Sadly due to my lack of dates I was unable to throw an apple at anyone I was actually interested in. However, I did throw an apple at my friend while going to… collect something from his house. Can’t say if he’s in love with me, but we’ll just say I got what I wanted ;).
Probably one of the more simple charms around, this spell involves knotting three strands of blue thread together, chanting as you make each knot. Then, you tie it around your waist, and let the magic happen. This one is more general, and makes “whoever looks upon you… glad to see you.”
As a rural NZ 10/10 and an Auckland 7.5/10 with too much confidence, I didn’t notice much difference with this one. As with most people, my friends and family are usually glad to see me, so this one is probably a placebo effect at best. Still, knotting some thread for half an hour while screaming “I am hot as fuck” probably won’t hurt your self-confidence, so I say go for it.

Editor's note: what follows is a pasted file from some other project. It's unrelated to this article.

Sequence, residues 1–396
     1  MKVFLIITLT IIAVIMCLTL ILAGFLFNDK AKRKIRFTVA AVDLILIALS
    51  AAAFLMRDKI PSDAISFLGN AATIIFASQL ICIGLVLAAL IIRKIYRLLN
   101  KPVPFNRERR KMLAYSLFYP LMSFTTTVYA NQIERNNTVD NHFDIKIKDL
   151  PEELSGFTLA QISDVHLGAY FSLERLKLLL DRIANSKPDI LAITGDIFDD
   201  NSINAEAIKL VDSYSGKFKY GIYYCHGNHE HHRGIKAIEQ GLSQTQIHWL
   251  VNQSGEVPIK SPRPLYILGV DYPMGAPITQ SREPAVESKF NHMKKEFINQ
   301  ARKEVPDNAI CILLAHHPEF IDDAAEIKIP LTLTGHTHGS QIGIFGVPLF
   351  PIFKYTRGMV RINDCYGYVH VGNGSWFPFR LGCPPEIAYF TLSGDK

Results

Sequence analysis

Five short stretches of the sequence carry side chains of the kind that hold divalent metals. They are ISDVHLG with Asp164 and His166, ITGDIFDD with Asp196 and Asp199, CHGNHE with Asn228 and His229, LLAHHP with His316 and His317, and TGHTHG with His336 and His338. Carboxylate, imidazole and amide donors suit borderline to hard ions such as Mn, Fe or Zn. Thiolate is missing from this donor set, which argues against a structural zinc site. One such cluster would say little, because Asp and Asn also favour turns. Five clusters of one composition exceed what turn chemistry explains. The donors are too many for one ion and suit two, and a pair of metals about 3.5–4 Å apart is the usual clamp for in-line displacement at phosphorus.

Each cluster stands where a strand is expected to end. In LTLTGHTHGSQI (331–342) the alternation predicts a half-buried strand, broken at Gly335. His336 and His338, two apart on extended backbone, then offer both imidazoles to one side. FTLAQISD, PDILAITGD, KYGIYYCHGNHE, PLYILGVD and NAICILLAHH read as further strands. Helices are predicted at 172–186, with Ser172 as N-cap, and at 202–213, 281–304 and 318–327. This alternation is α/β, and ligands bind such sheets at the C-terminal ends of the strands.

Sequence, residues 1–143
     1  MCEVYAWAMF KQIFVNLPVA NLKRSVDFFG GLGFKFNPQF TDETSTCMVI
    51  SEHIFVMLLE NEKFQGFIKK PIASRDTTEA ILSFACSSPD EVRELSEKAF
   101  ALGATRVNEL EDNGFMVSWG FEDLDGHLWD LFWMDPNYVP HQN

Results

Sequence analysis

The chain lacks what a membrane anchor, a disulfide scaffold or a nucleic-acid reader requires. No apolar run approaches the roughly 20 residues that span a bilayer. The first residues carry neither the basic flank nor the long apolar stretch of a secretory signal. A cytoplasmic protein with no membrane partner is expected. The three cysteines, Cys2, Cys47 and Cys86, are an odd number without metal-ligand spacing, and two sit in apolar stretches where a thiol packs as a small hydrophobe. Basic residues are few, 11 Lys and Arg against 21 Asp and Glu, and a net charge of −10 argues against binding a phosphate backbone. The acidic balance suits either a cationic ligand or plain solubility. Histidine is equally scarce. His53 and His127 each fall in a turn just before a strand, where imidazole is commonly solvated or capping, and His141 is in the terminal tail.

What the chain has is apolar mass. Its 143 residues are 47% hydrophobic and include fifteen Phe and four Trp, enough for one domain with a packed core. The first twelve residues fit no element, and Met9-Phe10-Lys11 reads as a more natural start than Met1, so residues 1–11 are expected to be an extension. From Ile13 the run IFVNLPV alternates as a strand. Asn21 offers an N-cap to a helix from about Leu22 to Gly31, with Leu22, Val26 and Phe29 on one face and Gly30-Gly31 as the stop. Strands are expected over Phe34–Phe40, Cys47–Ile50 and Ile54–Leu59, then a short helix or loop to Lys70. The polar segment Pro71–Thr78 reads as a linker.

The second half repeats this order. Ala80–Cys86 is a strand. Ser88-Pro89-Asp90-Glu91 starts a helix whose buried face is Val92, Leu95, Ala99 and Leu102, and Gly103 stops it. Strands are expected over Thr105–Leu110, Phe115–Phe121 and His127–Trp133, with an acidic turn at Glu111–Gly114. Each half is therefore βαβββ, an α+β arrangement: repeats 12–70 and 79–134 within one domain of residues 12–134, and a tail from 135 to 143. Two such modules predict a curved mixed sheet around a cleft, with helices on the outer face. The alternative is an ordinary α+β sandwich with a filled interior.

Listen, the Ancient Greeks weren’t as onto it as us, ok. Ancient Greek Love Magic notes that most of the love potions used back then probably included mandrake, oleander or cyclamen–all of which are toxic plants. They were also super gung-ho about spiking drinks, which is how these “love potions” were usually administered. There’s even records of women who were acquitted of murder based on the argument that they were actually trying to poison their husbands into loving them again. Aw, romantic, right?
However, as someone who definitely doesn’t advocate spiking drinks or poisoning people, I gave this one a pass. Luckily, the Ancient Greeks considered wine to be the simplest love potion around. I didn’t even need to test this one. Maybe it’s just me, but a couple glasses of red wine is definitely enough to get my fanny-a-fluttering.
So if anyone wants to take me on a date, bring some Shiraz by the Craccum office… and maybe throw an apple at me.